Google's Antitrust Lawsuit Could be Smoke and Mirrors - Paycheck

Google’s Antitrust Lawsuit Could be Smoke and Mirrors

“Antitrust” is a word that has rarely appeared in American headlines in recent years. Not since the breakup of AT&T’s telephone monopoly, which took nearly a decade to complete after antitrust proceedings began in the Nixon Administration has one really affected the life of most Americans.

         Still, the allure remains.  For those on the political left, memories of the “trust busters” who broke up a number of monopolies early in the twentieth century remain strong.

         More recently, a newly populist Republican party has sounded similar themes, with President Trump recently railing about a sinister group made up of “big business, big media, and big tech.”  Leaving aside the inherent oddness of someone who came to fame through the New York tabloid press and built on that fame with a reality TV show before rising to political prominence thanks to cables news and Twitter denouncing both the media and technology, this represents a notable change for the GOP.

         Google is headquartered in San Francisco, with a corporate ethos that reflects its Northern California roots.  Nonetheless, with several hundred employees and full-time contractors in Pittsburgh, the company has a presence in western Pennsylvania that rivals the largest of the region’s surviving steel mills.

         A few of their local employees were willing to offer their off-the-record observations about the recently-filed antitrust suit.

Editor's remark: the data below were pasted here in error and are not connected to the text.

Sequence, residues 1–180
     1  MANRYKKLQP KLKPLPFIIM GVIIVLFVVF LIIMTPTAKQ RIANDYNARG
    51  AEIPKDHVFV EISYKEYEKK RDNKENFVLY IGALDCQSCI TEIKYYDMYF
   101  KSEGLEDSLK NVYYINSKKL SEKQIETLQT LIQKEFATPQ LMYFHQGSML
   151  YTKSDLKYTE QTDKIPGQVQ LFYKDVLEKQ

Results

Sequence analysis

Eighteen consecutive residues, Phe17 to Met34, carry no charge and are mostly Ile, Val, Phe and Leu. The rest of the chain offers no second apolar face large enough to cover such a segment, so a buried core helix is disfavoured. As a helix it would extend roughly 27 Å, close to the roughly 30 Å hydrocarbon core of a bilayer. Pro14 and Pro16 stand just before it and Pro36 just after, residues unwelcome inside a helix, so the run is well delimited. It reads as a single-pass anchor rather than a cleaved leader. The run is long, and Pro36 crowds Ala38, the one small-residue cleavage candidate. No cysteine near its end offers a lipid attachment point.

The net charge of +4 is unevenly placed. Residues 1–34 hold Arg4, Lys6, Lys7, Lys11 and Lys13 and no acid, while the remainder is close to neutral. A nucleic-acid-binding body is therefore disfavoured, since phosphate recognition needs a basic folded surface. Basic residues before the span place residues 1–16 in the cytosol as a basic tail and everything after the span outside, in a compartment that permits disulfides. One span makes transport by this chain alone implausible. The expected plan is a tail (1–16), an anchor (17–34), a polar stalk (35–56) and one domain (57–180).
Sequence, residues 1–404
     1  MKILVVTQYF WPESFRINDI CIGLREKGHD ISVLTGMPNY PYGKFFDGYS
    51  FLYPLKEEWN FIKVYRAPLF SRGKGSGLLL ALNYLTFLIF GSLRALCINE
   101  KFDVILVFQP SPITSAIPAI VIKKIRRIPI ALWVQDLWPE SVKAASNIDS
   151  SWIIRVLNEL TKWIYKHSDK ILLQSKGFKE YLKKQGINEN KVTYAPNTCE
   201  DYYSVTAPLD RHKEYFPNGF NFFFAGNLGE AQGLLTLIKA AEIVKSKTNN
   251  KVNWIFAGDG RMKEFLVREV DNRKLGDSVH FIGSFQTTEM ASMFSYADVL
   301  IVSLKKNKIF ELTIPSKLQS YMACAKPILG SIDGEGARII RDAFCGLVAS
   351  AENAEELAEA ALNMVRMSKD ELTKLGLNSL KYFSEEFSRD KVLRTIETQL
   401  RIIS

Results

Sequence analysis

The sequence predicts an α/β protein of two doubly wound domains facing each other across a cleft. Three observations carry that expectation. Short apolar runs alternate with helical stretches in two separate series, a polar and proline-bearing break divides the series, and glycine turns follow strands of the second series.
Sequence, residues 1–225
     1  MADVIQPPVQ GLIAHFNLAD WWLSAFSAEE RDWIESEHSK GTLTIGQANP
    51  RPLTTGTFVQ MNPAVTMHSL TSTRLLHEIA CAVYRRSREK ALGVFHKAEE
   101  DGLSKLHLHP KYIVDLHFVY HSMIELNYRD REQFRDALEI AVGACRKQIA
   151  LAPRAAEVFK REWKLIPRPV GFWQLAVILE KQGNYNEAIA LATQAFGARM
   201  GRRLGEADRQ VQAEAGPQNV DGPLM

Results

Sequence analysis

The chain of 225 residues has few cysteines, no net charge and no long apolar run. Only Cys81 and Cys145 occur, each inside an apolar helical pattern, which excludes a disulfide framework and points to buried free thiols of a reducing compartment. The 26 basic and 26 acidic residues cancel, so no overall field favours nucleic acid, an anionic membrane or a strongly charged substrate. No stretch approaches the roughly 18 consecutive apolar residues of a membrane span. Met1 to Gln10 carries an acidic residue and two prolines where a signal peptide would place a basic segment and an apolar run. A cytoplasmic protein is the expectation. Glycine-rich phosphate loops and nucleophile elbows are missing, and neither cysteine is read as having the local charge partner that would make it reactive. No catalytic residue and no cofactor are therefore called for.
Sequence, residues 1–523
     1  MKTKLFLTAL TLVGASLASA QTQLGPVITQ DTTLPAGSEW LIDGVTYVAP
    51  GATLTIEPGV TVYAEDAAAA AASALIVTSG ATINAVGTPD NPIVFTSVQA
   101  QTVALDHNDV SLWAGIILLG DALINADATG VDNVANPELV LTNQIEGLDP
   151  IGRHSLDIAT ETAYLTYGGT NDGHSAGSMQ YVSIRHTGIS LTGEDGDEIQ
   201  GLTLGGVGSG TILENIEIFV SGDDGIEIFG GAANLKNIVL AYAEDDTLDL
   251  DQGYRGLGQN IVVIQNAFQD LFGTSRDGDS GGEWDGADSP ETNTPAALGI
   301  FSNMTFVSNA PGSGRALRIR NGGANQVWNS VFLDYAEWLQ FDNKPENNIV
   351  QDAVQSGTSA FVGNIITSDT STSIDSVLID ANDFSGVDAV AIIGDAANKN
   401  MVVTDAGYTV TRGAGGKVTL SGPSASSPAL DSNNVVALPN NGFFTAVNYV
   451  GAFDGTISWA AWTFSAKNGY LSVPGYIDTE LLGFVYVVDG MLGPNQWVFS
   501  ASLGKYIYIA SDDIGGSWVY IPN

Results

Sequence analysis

One not unreasonably pointed out in many fields Google’s market share is declining as new competitors emerge and the industry stabilizes, which is not generally thought to be a feature of monopolies.

         Another, plainly born some years after the breakup of the Bell Telephone system, still pointed to that bit of history up with the observation that “its not as if those jobs went away—all that changed was the name at the top of the paycheck.”

         A third was utterly dismissive, describing it as “just another round of smoke and mirrors from Donald Trump.”

         There is probably an element of truth in all three views, although it remains to be seen whether the new Administration will quietly let the proceedings fade away.  Joe Biden, too, is born of a political tradition shaped in part by economic populism and had some biting words of his own about Big Tech on the campaign trail.

         The bottom line is probably that high technology is so new—thirty years ago, personal computers and fax machines were the latest novelties in most offices, while e-mail and video calls remind largely the stuff of science fiction—and as with other basic changes like the development of railroads and large-scale factories, it will take a while for the American law and public sentiment to catch up.

Michael O'Connell

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